The controller and joystick market is rather brutal, with comfort and ergonomics being the priority, over functionality and responsiveness of controls.
However, the market is saturated with many similar models. In this day and age, the Xbox One controller inspires the button placement for most non-mainstream models. The Quinox Pro Speedlink does not escape this scheme, the difference being that it tries to go further by basing itself more towards the Elite model of the black Xbox One controller, but with red some red on the movement joysticks. The front buttons are placed in the same way as Microsoft’s model, but offer some differences, starting with the directional pad which is composed of 4 independent buttons. The top edge is already less familiar because the buttons and triggers look more plastic and do not follow the shape of the fingers as well. Nevertheless, they are still pleasant to use. The fingers at the bottom of the hand are naturally positioned on the back buttons as well which is a good point for the ergonomics as a whole, even if the directional pad via four different buttons is not the most ideal for certain types of games, like fighting.
The controller offers a 2.5m braided USB cable that can be removed from the controller. This is smart if the cable becomes defective or if you want to use it as a USB cable on another device without having to go behind the desk to unplug it. The controller is programmable on two macro profiles and two button profiles to map the six additional buttons (on the back of the controller, as well as the 3rd pair of buttons on top) for games requiring more features. With the exception of the pair of “bonus” buttons on top, the buttons are easily accessible without discomforts. These two exceptions, however, should only be used as a last resort, forcing the positioning of fingers to move to activate the trigger functions. Finally, a mini screen allows you to navigate through the menus on the controller, to adjust the sensitivity of the joysticks and map the additional buttons. Nothing memorable, but it is still a welcome little accessory that might have deserved a bit of simplicity in programming the buttons, even if the whole thing remains relatively accessible.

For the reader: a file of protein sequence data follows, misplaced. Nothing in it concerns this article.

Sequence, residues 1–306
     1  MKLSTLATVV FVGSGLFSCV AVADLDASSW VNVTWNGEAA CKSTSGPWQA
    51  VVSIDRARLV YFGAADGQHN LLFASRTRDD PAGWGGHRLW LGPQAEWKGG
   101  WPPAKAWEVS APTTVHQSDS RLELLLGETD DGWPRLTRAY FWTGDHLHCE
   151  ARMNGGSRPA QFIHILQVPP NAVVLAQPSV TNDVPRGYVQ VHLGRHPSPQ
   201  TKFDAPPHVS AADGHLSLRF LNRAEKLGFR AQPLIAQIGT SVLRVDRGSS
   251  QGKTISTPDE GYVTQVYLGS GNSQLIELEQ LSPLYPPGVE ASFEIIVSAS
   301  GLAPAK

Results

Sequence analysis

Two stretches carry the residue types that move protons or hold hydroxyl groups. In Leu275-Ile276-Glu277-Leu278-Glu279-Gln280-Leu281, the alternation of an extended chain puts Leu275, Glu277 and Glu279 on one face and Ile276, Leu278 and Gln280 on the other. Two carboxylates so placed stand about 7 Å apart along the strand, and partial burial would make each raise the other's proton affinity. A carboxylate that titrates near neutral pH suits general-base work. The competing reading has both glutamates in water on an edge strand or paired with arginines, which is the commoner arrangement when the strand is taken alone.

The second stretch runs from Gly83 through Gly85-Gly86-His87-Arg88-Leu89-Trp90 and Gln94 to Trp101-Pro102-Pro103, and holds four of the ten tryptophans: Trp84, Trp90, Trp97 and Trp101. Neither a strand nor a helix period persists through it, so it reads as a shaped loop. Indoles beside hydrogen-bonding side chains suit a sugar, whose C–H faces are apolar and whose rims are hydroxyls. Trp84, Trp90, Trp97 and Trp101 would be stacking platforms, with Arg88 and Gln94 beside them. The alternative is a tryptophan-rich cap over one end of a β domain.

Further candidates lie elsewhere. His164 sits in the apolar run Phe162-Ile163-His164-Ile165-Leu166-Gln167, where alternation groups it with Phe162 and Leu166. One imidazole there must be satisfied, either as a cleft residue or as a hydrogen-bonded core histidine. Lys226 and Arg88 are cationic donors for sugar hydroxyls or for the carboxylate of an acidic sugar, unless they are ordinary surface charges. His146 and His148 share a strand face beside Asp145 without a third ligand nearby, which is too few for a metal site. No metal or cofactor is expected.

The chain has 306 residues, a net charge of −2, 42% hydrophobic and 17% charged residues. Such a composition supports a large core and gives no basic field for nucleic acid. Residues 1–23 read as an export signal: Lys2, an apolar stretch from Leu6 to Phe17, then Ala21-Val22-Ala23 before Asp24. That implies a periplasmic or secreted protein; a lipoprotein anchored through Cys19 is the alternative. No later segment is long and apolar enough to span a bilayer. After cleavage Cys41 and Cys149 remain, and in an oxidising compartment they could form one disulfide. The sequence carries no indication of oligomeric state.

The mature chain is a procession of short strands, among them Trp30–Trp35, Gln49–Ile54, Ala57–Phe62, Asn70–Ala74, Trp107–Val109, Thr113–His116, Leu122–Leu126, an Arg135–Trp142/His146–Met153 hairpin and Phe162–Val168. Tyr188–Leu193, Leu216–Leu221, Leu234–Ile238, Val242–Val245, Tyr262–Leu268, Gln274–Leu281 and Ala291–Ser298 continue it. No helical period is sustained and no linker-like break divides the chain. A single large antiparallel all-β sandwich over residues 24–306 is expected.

Aesthetically the controller is quite well finished although it would have been better to have slightly more grip on the joysticks and sides of the controller by putting more suitable material there or by making the recess in the center of the joysticks more pronounced.
Not necessarily important depending on the type of game, but sufficiently noticeable to write about it. The front buttons named X, A, B and Y, are relatively resistant. This makes the controller as a whole not very practical for games requiring a certain reactivity, but can be overcome if you are the type to press the buttons as if you are beating a piece of meat with a mallet to soften it before cooking it. This same resistance is present on the Start and Back buttons, but fortunately not on the others. Even the direction buttons aren’t too resistant. Perhaps after many weeks of intensive use, the buttons will be less resilient, but impossible to measure in our first encounter. The vibration function feels correct, and the controller is a little lighter than a conventional Xbox One controller.
The joysticks respond to your thumbs well, and the possibility of changing their sensitivity by switching between Xinput or Direct Input modes via the small switch on the back will allow the most demanding of gamers to have more power over their controller. This makes the Quinox Pro a little more versatile than a simple controller, by offering a sensitivity system more adapted to the needs of each person.
The price is relatively competitive with ‘luxury’ peripherals, which was quite a shock. Sure, it’s cheaper than an Xbox One Pro controller by a large margin, but I think I’d take a regular Xbox One controller over this. However, if you’re more interested in the macro and sensitivity features, then this is a fantastic pickup.